Hancock Park is an affluent neighborhood in Los Angeles, California.
Hancock Park is bounded by Wilton Place on the east, Melrose Avenue on the north, Highland Avenue on the west, and Olympic Boulevard and Wilshire Boulevard on the south. Hollywood lies to the north, Koreatown to the east, Mid-City to the south, and the Miracle Mile and Fairfax District to the west. Beverly Boulevard, Rossmore Avenue, Wilshire Boulevard and 3rd and 6th Streets are the primary thoroughfares running through the district.
Hancock Park is a large region of central Los Angeles adjacent to and sometimes overlapping with the Mid-Wilshire district. Hancock Park contains several smaller communities with distinct identities, including Wilshire Park, Larchmont Village, and Windsor Square.
Hancock Park was developed in the 1920s, by the Hancock family, with profits earned from oil drilling in the former Rancho La Brea (much of which is now the Miracle Mile district). Hancock Park owes its name to developer-philanthropist G. Allan Hancock, who subdivided the property in the 1920s. Hancock, born and raised in a home at what is now the La Brea tar pits, inherited 440 acres, which his father, Major Henry Hancock had acquired from the Rancho La Brea property owned by the family of Jose Jorge Rocha.
Some 71 oil wells were operating at capacity on the land from 1905 to 1910. Nine years later Hancock subdivided the property into residential lots. He leased 105 acres to the Wilshire Country Club with an option to buy. The Hancock Park development was started on Rossmore Avenue and moved west to Highland Avenue in 1921.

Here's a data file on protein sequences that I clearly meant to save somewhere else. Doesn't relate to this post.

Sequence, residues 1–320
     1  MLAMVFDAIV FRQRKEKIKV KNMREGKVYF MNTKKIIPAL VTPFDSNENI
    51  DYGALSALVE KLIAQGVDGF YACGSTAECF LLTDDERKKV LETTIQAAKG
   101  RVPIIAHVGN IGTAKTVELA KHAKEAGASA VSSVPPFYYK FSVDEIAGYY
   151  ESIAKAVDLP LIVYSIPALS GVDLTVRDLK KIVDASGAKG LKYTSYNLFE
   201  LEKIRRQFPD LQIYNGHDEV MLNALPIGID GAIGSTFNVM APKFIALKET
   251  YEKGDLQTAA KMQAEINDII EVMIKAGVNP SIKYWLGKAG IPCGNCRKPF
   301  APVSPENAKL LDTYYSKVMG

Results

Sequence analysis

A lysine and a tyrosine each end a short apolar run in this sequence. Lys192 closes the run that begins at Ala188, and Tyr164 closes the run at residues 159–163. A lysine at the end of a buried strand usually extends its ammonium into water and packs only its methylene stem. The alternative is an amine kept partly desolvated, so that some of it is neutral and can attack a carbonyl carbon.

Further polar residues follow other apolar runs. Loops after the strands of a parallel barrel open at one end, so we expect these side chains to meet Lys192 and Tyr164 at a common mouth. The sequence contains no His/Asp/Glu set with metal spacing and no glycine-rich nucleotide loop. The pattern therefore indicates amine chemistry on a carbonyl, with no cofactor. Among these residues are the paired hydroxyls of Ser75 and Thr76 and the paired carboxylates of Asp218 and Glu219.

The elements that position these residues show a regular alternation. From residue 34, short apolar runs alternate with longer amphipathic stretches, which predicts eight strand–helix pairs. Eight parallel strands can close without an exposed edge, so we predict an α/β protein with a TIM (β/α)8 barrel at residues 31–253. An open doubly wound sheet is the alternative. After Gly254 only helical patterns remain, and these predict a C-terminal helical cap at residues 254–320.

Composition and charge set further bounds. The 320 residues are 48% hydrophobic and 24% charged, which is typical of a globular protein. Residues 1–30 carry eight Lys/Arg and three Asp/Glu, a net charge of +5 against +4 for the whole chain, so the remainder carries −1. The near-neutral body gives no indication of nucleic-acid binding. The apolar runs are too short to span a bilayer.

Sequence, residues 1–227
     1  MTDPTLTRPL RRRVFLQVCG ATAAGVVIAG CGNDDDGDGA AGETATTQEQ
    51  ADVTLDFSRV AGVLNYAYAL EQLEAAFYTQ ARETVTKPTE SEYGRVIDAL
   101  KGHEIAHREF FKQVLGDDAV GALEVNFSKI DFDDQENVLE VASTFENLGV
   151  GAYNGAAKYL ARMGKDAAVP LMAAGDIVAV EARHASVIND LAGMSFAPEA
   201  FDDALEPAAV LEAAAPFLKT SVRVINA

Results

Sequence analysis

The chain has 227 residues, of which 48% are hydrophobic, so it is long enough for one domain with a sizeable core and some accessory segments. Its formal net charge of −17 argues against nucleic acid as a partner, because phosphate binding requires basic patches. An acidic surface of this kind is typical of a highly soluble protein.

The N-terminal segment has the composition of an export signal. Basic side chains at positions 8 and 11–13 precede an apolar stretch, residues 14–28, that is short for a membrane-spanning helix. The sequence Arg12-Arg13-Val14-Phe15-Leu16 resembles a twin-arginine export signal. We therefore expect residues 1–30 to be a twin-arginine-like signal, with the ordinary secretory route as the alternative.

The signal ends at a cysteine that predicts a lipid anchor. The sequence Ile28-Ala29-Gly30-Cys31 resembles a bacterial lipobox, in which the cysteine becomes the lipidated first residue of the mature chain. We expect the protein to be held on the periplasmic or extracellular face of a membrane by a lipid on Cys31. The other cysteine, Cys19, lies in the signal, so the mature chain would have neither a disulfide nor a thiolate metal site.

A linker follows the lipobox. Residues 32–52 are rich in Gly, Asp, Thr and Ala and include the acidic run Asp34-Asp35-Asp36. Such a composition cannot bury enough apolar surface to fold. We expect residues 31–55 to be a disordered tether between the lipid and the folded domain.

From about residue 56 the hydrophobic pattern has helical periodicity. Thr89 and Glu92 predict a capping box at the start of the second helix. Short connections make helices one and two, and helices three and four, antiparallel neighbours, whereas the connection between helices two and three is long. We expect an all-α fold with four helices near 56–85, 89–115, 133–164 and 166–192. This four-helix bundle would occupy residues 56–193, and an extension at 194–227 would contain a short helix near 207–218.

Architects such as Paul Williams, A. C. Chisholm and John Austin were hired to design homes for many of the city’s pioneer families. The list of families who moved into Hancock Park’s first homes reads like a “Who’s Who” of California: Doheny, Chandler, Huntington, Van Nuys, Crocker, Banning, Newmark, Van de Kamp and Duque, were some of the early residents.
After a 1948 Supreme Court decision barring the enforcement of racial provisions in restrictive covenants, popular jazz pianist and singer Nat King Cole purchased a house in Hancock Park. The Ku Klux Klan, still active in Los Angeles well into the 1950s, responded by placing a burning cross on his front lawn.
In sharp contrast to most Los Angeles neighborhoods, houses in Hancock Park are set well back from the street, most power and telephone lines are buried, and fences are strongly discouraged. The area also completely surrounds both the Wilshire Country Club and the Los Angeles Tennis Club. These characteristics, along with the area’s abundance of classic Los Angeles architecture, have made it one of the most desirable areas in all of Southern California ever since its development, and the average household income of its residents consistently ranks among the highest in the United States. In order to preserve its historic feel, Hancock Park is in the process of obtaining the designation of an Historic Preservation Overlay Zone (HPOZ) from the City of Los Angeles. This protection is anticipated to go into effect in late 2006.
Hancock Park still has a white majority, but has welcomed small numbers of wealthy blacks, Latinos, Asians, and Orthodox Jews (who attend synagogues and yeshivas on La Brea Avenue, Beverly Boulevard, and in the Fairfax District) into the district.
Hancock Park is within the Los Angeles Unified School District.
Public schools serving Hancock Park include Los Angeles High School, Fairfax High School, John Burroughs Middle School, Bancroft Middle School, Hancock Park Elementary School, and 3rd Street Elementary School. Private schools include Yavneh Academy, a Jewish school.